When I was in the throes of what can only be called my ‘High Anxiety Days’ of considering our move to the UAE, John asked me a very simple question:
“What are you scared of?”
This wasn’t posed in a challenging or angry way. John wasn’t daring me. This was truly a question to help get to the bottom of why I might be so hesitant to head out to the UAE. While I didn’t know the answer right away, I did know that it had very little to do with any perceptions of the place.
Okay, maybe there was a *little* concern about the location. Just look at a map and any American would see why. But I knew people who lived in Dubai and LOVED it, and had friends who traveled to Abu Dhabi for the F1 races and also LOVED it. People rave about the place. It’s the ‘in’ tourism destination. So, what was I scared of?! I actually had to spend a few days mulling this over.
What I realized is that what I feared had nothing to do about where I was going, but everything to do with what I was leaving behind.
I guess here is the part where I’m supposed to give my loving tribute to my two point five decade stint in New York City. I know, I know, it’s what all writers are supposed to do when they take leave of the place. A love letter. A farewell. For now mine is:
Dear New York,
Everyone said it would never work out.
After 25 years, they were right.
Really, though, I love New York. But once we bought our home in Upstate New York, I became more and more disconnected (even overwhelmed at times) by the city’s bustle.
Working from home didn’t help. It was like I was growing apart from the place. Where was the connection to work, people, art? Then, when we moved up to Hudson Heights, north of the George Washington Bridge and far from my Brooklyn roots and beginnings, I had a hard time feeling any kind of sense of belonging. We were on the fringes. Sure, Hudson Heights was well-heeled and quiet and had the feel of a neighborhood, but I felt like I was just passing through.
So, it wasn't about leaving behind 'the place.' It was about leaving behind 'the people.' My people. They know who they are. ;-) I feel so fortunate. I have such a wonderful group of fun and amazing friends in New York. And leaving, even for just a year or so, makes me feel like I’m putting all of those friendships at risk of change.
I’ve always been uncomfortable with change. Sure, I’ll change my hairstyle on a dime, but I’ll stay in a crappy work situation until something externally brings about a change. And I’ll ‘happily’ live in a crappy apartment five years too long for fear that it’s not worth the risk of trying to find something better, because it may just end up being worse. But maybe the biggest tip-off to my adversity to change is that I listen to 80s music... All. The. Time.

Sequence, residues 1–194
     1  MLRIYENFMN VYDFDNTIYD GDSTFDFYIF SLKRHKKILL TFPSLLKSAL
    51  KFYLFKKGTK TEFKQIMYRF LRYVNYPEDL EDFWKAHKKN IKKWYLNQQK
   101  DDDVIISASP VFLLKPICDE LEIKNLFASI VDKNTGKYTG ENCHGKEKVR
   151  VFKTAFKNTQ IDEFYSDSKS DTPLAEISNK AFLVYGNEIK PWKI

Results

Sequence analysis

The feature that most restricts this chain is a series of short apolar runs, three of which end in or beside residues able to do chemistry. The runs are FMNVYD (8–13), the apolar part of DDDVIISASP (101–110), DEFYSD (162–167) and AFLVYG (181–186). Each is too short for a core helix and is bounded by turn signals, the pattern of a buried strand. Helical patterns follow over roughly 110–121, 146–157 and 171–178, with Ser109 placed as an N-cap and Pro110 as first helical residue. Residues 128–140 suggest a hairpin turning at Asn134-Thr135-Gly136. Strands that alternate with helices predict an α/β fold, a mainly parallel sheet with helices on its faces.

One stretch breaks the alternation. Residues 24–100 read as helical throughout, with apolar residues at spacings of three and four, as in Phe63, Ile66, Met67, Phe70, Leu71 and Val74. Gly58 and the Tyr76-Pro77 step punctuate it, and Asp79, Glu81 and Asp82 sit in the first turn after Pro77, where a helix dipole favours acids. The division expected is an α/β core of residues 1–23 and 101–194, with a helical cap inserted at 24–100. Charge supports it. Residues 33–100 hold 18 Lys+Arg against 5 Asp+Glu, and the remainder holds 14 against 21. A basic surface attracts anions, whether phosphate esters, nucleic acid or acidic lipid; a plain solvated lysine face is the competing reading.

Now, one of my amazing friends is Lesley, a citizen of the world, who has lived all over the place with her work in the Foreign Service, British Embassy and career at the United Nations. She’s even been to Abu Dhabi and Dubai and has been full of encouragement and understanding in helping me through this transition. In fact, when I first told her about Abu Dhabi her insight was that for my British husband, who has done the expat thing in Nigeria, France and New York, this was fine. But she understood, I was a born and bred New Yorker. This might not be that easy for me.
Lesley has this great story about how she came to decide to do a stint in Norway. She was young, in her 20s, and the opportunity for this foreign post came up. And while Lesley never said this, maybe Norway wasn’t *quite* at the top of the list of someone looking to live and work abroad in their effort to change the world. But it was a good opportunity, and she had to consider it. Seriously.
Just as she was offered this gig, Lesley came down with a bad bout of the flu. Bedridden with aches and fever, the decision weighed on her. When she turned on her stereo to distract herself from what ailed her, what song came on?
A sweet song, with a big video, from a band from, you guessed it, Norway.
'Take on Me,' by A-ha.
And with little hesitation, Lesley went on to take that post in Norway. Which led to a post in Madrid. Which led to a post in New York City. Which led to her gig at the United Nations. So really, from that one song, a career (and a kick-ass life) was born.
In the past, when Lesley told me this story, I would just laugh. “Who makes big life decisions based on a song!?” I’d think. But I also know that Lesley, being smart, savvy and Scottish, had probably already done a lot of the other work in deciding her future before that song came on. What it came down to was finding that little sign from the Universe… and taking that leap of faith.
This is something I was never very good at. Neither finding the sign. Nor listening to it.
BUT here’s the weird thing. Ever since this whole Abu Dhabi thing came up, Lesley's 'A-ha' song has been coming up again and again and again. For me.
I hear it on the radio when I drive the car.
I hear it in the restaurant having dinner with friends (including Lesley).
I hear it at a restaurant in Abu Dhabi when meeting up with Lesley and my mutual friend.
And I even hear it in the god-damn SUPERMARKET, people!
When I shared this with Lesley, she laughed.
“This is your A-ha moment!”
And I realized, even though I had to borrow it from Lesley, it was.
It was my sign from the Universe telling me to move forward and take this chance with my husband. And it was perfect. Because what better sign for me to see (this reluctant, worried soul afraid to leave her pals), than the shared sign of a caring friend?
So, here I am in Abu Dhabi. I arrived three days ago. We’re settling in, but things are good. Of course I’ll write more about that but for now –
Take on me, (take on me)
Take me on, (take on me)
I'll be gone
In a day or two
Take me on, (take on me)
I'll be gone
In a day or two